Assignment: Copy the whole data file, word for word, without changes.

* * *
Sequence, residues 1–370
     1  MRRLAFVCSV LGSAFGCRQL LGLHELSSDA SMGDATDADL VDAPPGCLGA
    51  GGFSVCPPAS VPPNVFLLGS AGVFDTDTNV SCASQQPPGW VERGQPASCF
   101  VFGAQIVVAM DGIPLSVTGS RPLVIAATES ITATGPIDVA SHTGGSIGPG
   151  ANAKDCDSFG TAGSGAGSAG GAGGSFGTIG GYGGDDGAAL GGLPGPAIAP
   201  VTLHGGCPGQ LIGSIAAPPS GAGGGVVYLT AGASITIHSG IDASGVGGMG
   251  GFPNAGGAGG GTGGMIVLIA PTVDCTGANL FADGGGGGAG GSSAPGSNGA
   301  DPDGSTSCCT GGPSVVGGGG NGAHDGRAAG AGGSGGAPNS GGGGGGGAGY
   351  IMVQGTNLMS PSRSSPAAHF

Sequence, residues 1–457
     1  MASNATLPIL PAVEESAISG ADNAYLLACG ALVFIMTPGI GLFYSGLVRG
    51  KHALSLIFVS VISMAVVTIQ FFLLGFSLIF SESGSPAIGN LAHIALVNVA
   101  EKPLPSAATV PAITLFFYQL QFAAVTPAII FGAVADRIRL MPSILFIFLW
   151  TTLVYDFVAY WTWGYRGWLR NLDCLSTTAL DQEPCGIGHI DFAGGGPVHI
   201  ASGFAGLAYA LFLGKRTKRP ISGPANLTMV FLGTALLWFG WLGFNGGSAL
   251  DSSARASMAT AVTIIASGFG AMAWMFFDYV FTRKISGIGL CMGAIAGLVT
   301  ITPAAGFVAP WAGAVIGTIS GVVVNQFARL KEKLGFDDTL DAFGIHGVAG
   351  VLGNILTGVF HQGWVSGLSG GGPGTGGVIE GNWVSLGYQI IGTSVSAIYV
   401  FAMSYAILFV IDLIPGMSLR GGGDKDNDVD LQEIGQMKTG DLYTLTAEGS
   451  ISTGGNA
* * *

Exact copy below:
Sequence, residues 1–370
     1  MRRLAFVCSV LGSAFGCRQL LGLHELSSDA SMGDATDADL VDAPPGCLGA
    51  GGFSVCPPAS VPPNVFLLGS AGVFDTDTNV SCASQQPPGW VERGQPASCF
   101  VFGAQIVVAM DGIPLSVTGS RPLVIAATES ITATGPIDVA SHTGGSIGPG
   151  ANAKDCDSFG TAGSGAGSAG GAGGSFGTIG GYGGDDGAAL GGLPGPAIAP
   201  VTLHGGCPGQ LIGSIAAPPS GAGGGVVYLT AGASITIHSG IDASGVGGMG
   251  GFPNAGGAGG GTGGMIVLIA PTVDCTGANL FADGGGGGAG GSSAPGSNGA
   301  DPDGSTSCCT GGPSVVGGGG NGAHDGRAAG AGGSGGAPNS GGGGGGGAGY
   351  IMVQGTNLMS PSRSSPAAHF

Sequence, residues 1–457
     1  MASNATLPIL PAVEESAISG ADNAYLLACG ALVFIMTPGI GLFYSGLVRG
    51  KHALSLIFVS VISMAVVTIQ FFLLGFSLIF SESGSPAIGN LAHIALVNVA
   101  EKPLPSAATV PAITLFFYQL QFAAVTPAII FGAVADRIRL MPSILFIFLW
   151  TTLVYDFVAY WTWGYRGWLR NLDCLSTTAL DQEPCGIGHI DFAGGGPVHI
   201  ASGFAGLAYA LFLGKRTKRP ISGPANLTMV FLGTALLWFG WLGFNGGSAL
   251  DSSARASMAT AVTIIASGFG AMAWMFFDYV FTRKISGIGL CMGAIAGLVT
   301  ITPAAGFVAP WAGAVIGTIS GVVVNQFARL KEKLGFDDTL DAFGIHGVAG
   351  VLGNILTGVF HQGWVSGLSG GGPGTGGVIE GNWVSLGYQI IGTSVSAIYV
   401  FAMSYAILFV IDLIPGMSLR GGGDKDNDVD LQEIGQMKTG DLYTLTAEGS
   451  ISTGGNA